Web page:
Obituary: Saluting Pete Postlethwaite

Pete Postlethwaite, the instantly recognizable character actor who appeared in dozens of films over the course of his 30-year-plus career, died on Sunday, Jan. 2, 2011, at the age of 64 in Shrewsbury, Shropshire, England. According to reports, the cause of death was cancer, which he had been battling for at least two years.

With his distinctly jagged but sympathetic face and piercing eyes, Postlethwaite could pass for a tough guy, a nice man, a gentle sort, or an all-out demon. Hell, in some movies, he even played all four! (We’re thinking Alien 3 or The Serpent’s Kiss, or maybe even The Usual Suspects.)

He was a talented and, according to what we’ve read, a very well-liked man. He’ll certainly be missed on the big screen, which is where moviegoers really got to know him.

Here’re a handful of our favorite films featuring the late Mr. Postlethwaite.

The Town, 2010

Inception (2010)
In one of this final roles in last year’s mind-tripping blockbuster from Christopher Nolan, Postlethwaite portrays, ironically, the recently deceased father of Cillian Murphy. It’s only when Murphy’s dreams are tapped that we get to see Postlethwaite’s gentle, affecting  and, yes, dreamy performance.
Available on DVD and Blu-ray from Warner Home Video

The Town (2010)
Postlethwaite’s gentle-seeming florist “Fergie” Colm is actually a nasty underworld bad boy in Ben Affleck’s recent Boston-based crime thriller.
Available on DVD and Blu-ray from Warner

William Shakespeare's Romeo + Juliet, 1996

Among Giants (1998)
A high-tension wire worker (Postlethwaite) gets involved in a May/December romance with a spirited young Australian woman (Rachel Griffiths), much to the consternation of his ex-wife and kids in this well-acted, under-rated romantic comedy.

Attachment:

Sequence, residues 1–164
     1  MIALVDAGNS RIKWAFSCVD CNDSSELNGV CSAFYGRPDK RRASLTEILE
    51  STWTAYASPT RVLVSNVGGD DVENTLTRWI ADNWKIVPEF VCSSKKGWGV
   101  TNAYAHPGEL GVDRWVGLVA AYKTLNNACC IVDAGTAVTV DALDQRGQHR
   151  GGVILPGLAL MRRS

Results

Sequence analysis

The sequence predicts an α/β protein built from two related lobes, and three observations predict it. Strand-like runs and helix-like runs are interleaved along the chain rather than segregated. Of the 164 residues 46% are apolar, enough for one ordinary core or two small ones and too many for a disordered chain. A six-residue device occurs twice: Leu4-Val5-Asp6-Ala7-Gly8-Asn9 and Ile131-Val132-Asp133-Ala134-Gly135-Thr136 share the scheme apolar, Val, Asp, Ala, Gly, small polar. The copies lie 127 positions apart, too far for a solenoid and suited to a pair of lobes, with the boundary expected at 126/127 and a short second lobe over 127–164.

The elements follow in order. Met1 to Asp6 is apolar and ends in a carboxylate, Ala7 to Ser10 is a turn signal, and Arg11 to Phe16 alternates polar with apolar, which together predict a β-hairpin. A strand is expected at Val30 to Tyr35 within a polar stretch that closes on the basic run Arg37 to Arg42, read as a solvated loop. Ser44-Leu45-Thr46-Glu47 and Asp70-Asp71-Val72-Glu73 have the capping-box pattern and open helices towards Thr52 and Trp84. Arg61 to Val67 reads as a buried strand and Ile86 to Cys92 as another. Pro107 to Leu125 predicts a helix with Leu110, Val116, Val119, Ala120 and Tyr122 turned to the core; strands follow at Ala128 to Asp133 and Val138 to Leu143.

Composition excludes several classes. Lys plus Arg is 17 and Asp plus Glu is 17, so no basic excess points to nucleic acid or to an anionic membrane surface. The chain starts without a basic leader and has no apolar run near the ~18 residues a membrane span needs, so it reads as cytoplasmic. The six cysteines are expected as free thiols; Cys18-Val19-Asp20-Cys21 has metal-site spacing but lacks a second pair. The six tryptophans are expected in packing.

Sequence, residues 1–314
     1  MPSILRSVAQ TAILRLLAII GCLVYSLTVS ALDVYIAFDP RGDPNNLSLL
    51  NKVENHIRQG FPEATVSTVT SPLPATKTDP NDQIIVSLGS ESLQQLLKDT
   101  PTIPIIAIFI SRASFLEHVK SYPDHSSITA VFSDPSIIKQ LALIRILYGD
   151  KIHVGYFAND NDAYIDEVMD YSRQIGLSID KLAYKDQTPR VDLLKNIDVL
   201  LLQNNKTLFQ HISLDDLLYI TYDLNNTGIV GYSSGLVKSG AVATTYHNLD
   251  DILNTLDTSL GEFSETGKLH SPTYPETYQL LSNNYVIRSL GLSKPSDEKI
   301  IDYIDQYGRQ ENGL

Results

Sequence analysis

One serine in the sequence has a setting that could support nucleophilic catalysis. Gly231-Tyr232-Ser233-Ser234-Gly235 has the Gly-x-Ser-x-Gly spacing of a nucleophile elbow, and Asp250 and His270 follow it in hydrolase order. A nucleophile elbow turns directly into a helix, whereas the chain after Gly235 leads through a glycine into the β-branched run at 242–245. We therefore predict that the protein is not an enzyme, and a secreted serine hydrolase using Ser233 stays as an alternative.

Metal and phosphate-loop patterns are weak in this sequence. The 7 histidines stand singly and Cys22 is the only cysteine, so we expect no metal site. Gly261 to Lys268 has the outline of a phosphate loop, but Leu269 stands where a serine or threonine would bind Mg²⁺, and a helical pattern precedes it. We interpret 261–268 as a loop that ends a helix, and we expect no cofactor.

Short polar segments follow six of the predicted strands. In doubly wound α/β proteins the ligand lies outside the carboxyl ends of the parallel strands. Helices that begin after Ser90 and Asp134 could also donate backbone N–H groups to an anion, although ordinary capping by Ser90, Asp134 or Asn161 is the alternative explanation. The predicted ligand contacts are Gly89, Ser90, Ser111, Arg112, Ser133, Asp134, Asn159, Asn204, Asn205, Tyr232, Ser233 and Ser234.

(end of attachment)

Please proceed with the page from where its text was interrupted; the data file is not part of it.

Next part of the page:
Available on VHS only from 20th Century Fox Home Entertainent

Amistad (1997)
Steven Spielberg once described Postlethwaite as “probably the best actor in the world,” an impression he undoubtedly made after directing the late actor in the role of District Attorney William Holabird in this real-life story about an 1839 revolt by the African captive on the titular slave ship.
Available on DVD from DreamWorks

The Usual Suspects, 1995

William Shakespeare’s Romeo + Juliet (1996)
“Young men’s love then lies not truly in their hearts, but in their eyes,” proclaims Postlethwaite’s Friar Laurence in his small but indispensable role in Baz Luhrmann’s take on Shakespeare’s great tragedy.
Available on DVD and Blu-ray from Fox

The Usual Suspects (1995)
He introduces himself as Mr. Kobayashi, the villainous Keyser Söze’s lawyer,  but there are lots of fans out there who think Pete’s character might be ol’ Keyser, himself!
Available on DVD and Blu-ray from Fox

In the Name of the Father, 1993

Suite 16 (1994)
A bizarre, little-seen movie from Belgium director Dominique Deruddere finds Postlethwaite portraying a wheelchair-bound rich guy who plays manipulative mind games on a small-time thief seeking refuge in his posh hotel suite.
Available on DVD from Image Entertainment

In the Name of the Father (1993)
Based on a true story, this film rewarded Postelthwaite with an Academy Award nomination for his role as the father of an Irishman (Daniel Day Lewis) wrongly accused of a 1974 IRA bombing of two British pubs.
Available on DVD from Universal Studios Home Entertainment

About Laurence

Founder and editor Laurence Lerman saw Alfred Hitchcock’s North by Northwest when he was 13 years old and that’s all it took. He has been writing about film and video for more than a quarter of a century for magazines, anthologies, websites and most recently, Video Business magazine, where he served as the Reviews Editor for 15 years.